Second, if we do hear the voice of God, it will be a voice of challenge. Mary and all the disciples were deeply disturbed to hear the voice of the risen Christ: it made them re-think everything they knew about their world and their place in it. It was so shocking that one of Jesus’ best friends, Thomas, refused even to countenance what he was being told until he was forcibly confronted by the flesh and body of Christ. Peter was challenged on that rooftop to re-think what he knew about the way God wanted him to live his everyday life. Paul was deeply challenged on the road to Damascus to turn his entire life around. The true voice of God very rarely in Christian history has ever said, “You’re just fine. Carry on, carrying on.”!
In the gospels the words of Christ – the living Word of God – very rarely left lives untouched or people untroubled: tax collectors, beggars, politicians, the powerful and the powerless were all challenged to the very core of their being by the voice of God incarnate. And so it should be with us. If we are truly hearing the voice of God, it will challenge us. It may not challenge us to do more – I’m not going to presume that God is automatically telling you all to become a door steward – but it will certainly challenge us to be more. It will challenge our prejudices and stereotypes, our assumptions and our doctrines. It will seek to expand our horizons and our minds. It will call us to be better neighbours and better stewards of God’s creation. It will challenge us to go deeper into God, to study the scriptures, to open our mind in prayer and to enrich our worship. The voice of God, if we hear it clearly, will continually change us.
Third, and finally, the voice of God will never lead us astray or fail us. Earlier in John’s gospel, Jesus tells his followers: “Very truly, I tell you, anyone who does not enter the sheepfold by the gate but climbs in by another way is a thief and a bandit. The one who enters by the gate is the shepherd of the sheep. The gatekeeper opens the gate for him, and the sheep hear his voice. He calls his own sheep by name and leads them out. When he has brought out all his own, he goes ahead of them, and the sheep follow him because they know his voice.” (John 10:1-5) During our Lenten Bible study of John’s gospel, we looked at the painful subject of Christian anti-Semitism, and how John’s gospel in particular has been sadly misunderstood as a justification for the most horrendous acts of terror and violence against Jews for 2,000 years. Such sins stand alongside countless other acts of violence and hatred that daily shock and appal us – most recently of course the horrors of the terrorist attack in Brussels. Too often, such violence has been justified by claims that the perpetrators were carrying out the will of God: that they were simply carrying out the wishes of the voice of the divine – and on each occasion Christ is crucified once more.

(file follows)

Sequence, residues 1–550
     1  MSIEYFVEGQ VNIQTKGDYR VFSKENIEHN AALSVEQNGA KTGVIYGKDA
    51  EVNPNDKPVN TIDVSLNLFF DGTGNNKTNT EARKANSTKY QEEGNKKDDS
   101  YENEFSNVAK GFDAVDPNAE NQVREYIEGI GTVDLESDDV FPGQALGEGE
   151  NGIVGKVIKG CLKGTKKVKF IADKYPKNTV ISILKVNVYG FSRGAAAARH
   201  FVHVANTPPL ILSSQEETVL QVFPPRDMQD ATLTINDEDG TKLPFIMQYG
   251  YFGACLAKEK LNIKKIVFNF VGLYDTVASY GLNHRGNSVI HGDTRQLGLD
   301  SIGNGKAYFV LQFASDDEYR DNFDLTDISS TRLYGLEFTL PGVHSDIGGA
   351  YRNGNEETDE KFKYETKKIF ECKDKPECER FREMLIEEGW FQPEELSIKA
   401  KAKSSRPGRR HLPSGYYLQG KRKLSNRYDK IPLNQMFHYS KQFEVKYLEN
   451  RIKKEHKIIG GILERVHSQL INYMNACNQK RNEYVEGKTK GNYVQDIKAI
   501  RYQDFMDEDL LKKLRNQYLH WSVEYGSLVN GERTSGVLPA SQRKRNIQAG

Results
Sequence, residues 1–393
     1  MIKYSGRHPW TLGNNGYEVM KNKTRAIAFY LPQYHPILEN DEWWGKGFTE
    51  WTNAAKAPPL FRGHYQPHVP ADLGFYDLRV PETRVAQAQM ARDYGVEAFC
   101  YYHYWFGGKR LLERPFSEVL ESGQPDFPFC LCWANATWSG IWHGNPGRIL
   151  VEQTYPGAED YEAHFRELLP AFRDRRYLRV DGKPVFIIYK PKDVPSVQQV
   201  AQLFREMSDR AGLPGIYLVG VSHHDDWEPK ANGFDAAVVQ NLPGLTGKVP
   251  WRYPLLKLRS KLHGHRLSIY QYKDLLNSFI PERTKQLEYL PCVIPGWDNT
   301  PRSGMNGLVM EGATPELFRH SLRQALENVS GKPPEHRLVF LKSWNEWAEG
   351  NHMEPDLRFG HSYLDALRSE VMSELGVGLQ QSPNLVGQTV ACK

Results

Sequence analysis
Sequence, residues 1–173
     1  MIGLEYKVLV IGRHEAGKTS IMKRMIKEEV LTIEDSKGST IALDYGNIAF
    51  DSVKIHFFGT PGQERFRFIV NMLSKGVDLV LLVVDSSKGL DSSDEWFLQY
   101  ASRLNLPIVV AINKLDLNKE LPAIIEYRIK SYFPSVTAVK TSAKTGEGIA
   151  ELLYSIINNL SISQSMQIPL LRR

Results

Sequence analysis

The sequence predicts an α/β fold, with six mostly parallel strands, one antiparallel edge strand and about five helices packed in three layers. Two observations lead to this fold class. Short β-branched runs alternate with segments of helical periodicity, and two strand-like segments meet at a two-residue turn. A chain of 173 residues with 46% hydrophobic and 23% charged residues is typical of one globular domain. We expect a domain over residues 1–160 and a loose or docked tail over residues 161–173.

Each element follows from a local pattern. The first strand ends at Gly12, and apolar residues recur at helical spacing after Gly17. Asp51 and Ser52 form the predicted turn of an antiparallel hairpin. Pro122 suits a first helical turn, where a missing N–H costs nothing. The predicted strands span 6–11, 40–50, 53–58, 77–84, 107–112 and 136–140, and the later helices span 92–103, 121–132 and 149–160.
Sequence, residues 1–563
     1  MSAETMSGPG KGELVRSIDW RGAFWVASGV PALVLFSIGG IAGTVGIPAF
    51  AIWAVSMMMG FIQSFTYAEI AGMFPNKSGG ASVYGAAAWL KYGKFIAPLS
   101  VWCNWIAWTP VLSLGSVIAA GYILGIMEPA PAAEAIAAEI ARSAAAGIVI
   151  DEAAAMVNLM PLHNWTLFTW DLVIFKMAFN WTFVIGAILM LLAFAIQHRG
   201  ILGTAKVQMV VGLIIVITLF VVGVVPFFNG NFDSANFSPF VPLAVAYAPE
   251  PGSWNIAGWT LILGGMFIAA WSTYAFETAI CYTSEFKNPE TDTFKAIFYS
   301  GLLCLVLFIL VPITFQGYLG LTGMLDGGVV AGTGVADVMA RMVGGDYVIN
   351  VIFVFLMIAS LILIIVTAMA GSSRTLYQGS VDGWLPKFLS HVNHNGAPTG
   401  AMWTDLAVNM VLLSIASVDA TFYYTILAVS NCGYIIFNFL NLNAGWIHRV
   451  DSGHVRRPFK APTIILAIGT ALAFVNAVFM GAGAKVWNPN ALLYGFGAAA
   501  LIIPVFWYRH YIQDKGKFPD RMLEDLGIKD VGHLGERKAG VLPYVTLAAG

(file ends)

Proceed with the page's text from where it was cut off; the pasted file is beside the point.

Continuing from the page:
The true voice of God never calls for violence or hatred, it never calls us to strike out, to enact revenge or to harm God’s creation. How I do know that? Because it is the same voice that said, ‘Turn the other cheek’, ‘Love your neighbour as you love yourself’ and ultimately ‘Father forgive them’ on the cross of Calvary. The voice of Christ that is faithfully recorded in the pages of our Bible is the same voice that Mary struggled to discern in the garden and the same one that we struggle to hear today, amidst the clamour of the world’s strife and greed. It is the voice of our one true shepherd and Lord, who calls out to those whom he came to save today and every day – who calls us to know in our hearts that we are forgiven, loved and free because of what he has done for us upon the cross – who calls us to life in all its fullness. And it is the same voice which will one day call us all home, as our one true shepherd and guide
This Easter Sunday, then, let us rejoice in all that God has done for us and all that he still has planned for each one of us. And let us like Mary, on that first Easter morning, proclaim loudly and boldly, “We have seen, and heard, our risen Lord.” Alleluia. Amen.
Images: ‘Noli me tangere’ – Titian. Source: Wikimedia. Public Domain. Mary in fine clothes, from a German group of the Entombment of Christ.By © Raimond Spekking / CC BY-SA 3.0 (via Wikimedia Commons), CC BY-SA 3.0. Jesus the Good Shepherd (Stained glass at St John the Baptist’s Anglican Church, Ashfield, New South Wales) – Alfred Handel, d. 1946. Photo: Toby Hudson – own work, CC BY-SA 3.0 (via Wikimedia Commons).